In God’s world, things are seldom as they appear to be at first glance—things are not like they appear on the surface. St. Francis was right. It is in giving that we receive. It is in pardoning that we are pardoned. Hatred and violence are overcome not with more violence but with love. Despair is overcome not by giving in to anguish but with hope. And it is in dying that we are born to eternal life. All that we are and all that we shall ever be are held now and forever in the mind of God.
And God has been made known to us. That is our claim on this Easter morning. God has been made known to us by the seed that holds the promise of a tree. God has been made known to us by the mystery of life and the impossibility of creation itself. And God has been made known to us in the person who gives us life and conquers death. God has a face now, at least for you and me. It’s not everything that God is—it’s just a face. But that is all we really need. Because everything we need to know can be found right there, in the face of God, in the person of Jesus Christ.
Does it sound like I’m overstating the case? Does it sound ridiculous to say everything we need to know can be found in Jesus Christ? I don’t think that is ridiculous at all. If we shake off all the little things that keep us mired down in the details of life, we all share a few basic questions. Seriously, we can probably narrow down the entire human experience to about four basic questions.
First, Where did we come from? Second, why are we here? Third, how are we supposed to live our lives? And fourth, where are we going—what is our ultimate destiny? That’s pretty much it. It doesn’t matter if you’re a preacher, teacher, lawyer, accountant, businessman, construction worker, farmer or homemaker; it doesn’t matter if you’re white, black, Hispanic, Asian or Native American; it doesn’t matter if you were raised in a mansion in suburban L.A. or a dirt hut in East Africa. We all share those few basic questions, and our happiness in life is largely determined by how we answer them. And Jesus answers each one for me.
First question: Where did we come from? Well, the one thing of which I’m fairly certain is that I did not create myself. There is something else which called me into being; something else which holds me in being; something else which draws air into my lungs and keeps my heart beating, and whatever that is I call God. And since our faith tells us God has a face, we look to Jesus to tell us where we came from. And that is good news, because we discover that the God who created us is all about love. If the God who created us is revealed to us in the face of Jesus, then we came from a God who loves us, who cares for us, and who forgives our inevitable shortcomings.
Second question: Why are we here? I again look to Jesus for the answer to this question, and while I hate to sound like a broken record, my faith tells me the reason I am here is to love. Not to accumulate wealth, not to gain prestige, not to know the joy of defeating some foe. Just love. I’m supposed to love this world and every leaf on every tree. I’m supposed to love every creature I see. I’m supposed to love every person I meet. That’s why we’re here.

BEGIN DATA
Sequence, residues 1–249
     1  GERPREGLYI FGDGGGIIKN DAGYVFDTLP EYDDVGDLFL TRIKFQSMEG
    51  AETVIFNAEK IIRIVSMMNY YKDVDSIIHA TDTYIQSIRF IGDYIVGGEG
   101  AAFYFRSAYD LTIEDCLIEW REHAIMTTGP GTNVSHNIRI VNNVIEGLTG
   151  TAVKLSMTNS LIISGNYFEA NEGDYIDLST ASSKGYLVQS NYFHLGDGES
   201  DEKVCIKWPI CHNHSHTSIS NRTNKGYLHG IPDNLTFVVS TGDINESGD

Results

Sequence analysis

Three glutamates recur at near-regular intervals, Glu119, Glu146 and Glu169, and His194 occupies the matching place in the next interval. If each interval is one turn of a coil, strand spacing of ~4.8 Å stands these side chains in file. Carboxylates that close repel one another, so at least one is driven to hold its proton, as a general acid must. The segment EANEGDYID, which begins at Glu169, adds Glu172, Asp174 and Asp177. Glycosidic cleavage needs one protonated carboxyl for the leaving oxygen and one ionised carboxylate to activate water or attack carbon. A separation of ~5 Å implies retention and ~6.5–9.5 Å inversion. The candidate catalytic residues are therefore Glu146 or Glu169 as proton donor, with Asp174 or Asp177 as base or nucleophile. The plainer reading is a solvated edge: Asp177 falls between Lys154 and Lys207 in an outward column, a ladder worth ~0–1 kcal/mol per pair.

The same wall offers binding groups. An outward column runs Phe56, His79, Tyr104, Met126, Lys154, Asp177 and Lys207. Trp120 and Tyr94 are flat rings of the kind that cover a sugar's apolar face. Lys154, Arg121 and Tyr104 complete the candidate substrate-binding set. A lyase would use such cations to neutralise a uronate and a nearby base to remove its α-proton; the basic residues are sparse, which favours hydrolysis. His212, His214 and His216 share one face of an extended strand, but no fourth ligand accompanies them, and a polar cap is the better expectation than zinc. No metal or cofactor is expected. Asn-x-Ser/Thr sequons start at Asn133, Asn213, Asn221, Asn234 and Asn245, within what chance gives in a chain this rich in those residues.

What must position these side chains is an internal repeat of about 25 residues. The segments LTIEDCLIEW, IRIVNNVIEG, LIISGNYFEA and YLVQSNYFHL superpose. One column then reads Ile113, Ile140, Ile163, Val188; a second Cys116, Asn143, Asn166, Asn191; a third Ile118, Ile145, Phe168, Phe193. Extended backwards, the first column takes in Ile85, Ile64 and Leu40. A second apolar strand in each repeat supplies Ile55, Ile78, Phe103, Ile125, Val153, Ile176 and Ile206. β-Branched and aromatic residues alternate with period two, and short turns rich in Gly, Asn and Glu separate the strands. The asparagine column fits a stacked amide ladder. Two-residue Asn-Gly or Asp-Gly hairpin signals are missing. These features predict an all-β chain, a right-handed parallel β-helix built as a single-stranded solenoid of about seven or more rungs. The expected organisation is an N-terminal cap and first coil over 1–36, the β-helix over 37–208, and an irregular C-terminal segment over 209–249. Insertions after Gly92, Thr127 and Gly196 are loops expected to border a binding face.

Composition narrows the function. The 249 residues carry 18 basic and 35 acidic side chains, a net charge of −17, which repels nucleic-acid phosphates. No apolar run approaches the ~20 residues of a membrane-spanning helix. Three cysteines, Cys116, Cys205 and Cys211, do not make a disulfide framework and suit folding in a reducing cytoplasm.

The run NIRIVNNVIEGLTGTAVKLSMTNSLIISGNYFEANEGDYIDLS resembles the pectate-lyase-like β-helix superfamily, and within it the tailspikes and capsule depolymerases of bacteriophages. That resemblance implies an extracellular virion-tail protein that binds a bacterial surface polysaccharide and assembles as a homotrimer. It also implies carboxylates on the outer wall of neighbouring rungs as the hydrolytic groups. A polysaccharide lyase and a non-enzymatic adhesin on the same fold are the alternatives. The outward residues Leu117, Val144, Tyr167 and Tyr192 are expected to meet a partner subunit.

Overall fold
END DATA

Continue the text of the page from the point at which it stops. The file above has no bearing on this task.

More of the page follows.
Third question: How are we supposed to live our lives. Okay, now I’m getting really redundant, but according to Jesus I’m supposed to live my life with love. And that, again, is really good news, because it accords me an amazing amount of freedom. I can paint, farm, work in a factory, choose any of a million ways to make my way through life, and they are each and every one fine as long as I love while I’m at it.
Fourth question: Where are we going—what is our ultimate destiny? Again, Jesus answers the question for me. Jesus told his disciples on the night before his death that he was the way, the truth and the life, and that we could enter into the heart of the eternal through him. And he said he went to prepare a place for us, so that where he was we could be also. Our faith tells us that our future is with the Loving God from whom we came in the first place.
That’s everything we need to know! We are miraculous mixtures of dust and breath. Each morning we open our eyes to a new day, but how often do we think about the miracle in that? How often do we remember that we did not keep our hearts beating through the night? How often do we acknowledge when our eyes are opened in the morning that we did not draw breath into our lungs as we lay unaware even of our own being. It is a gift. Every single breath, every single heartbeat, every single moment we are granted upon this beautiful blue and green planet is a gift from the God who loves us.
My hope is that we go forth from this beautiful place of worship on this glorious Easter morning changed. I hope we never see another seed without thinking about the miracle of creation. I hope we never see another tree without remembering that it sprang forth, impossibly, from seed and dirt and water. And I hope we give thanks every morning to the one from whom all gifts come—the one who not only gives us every sight we see, but also gives us the eyes with which we see.
There is no time for hate, no time for violence, no time for despair. We are given time for one reason only, and that is to fill it with love. We are given time for one reason only—to fill it with love. As we dedicate this day to the Risen Christ, may that be our mission in life, from this moment forward. Amen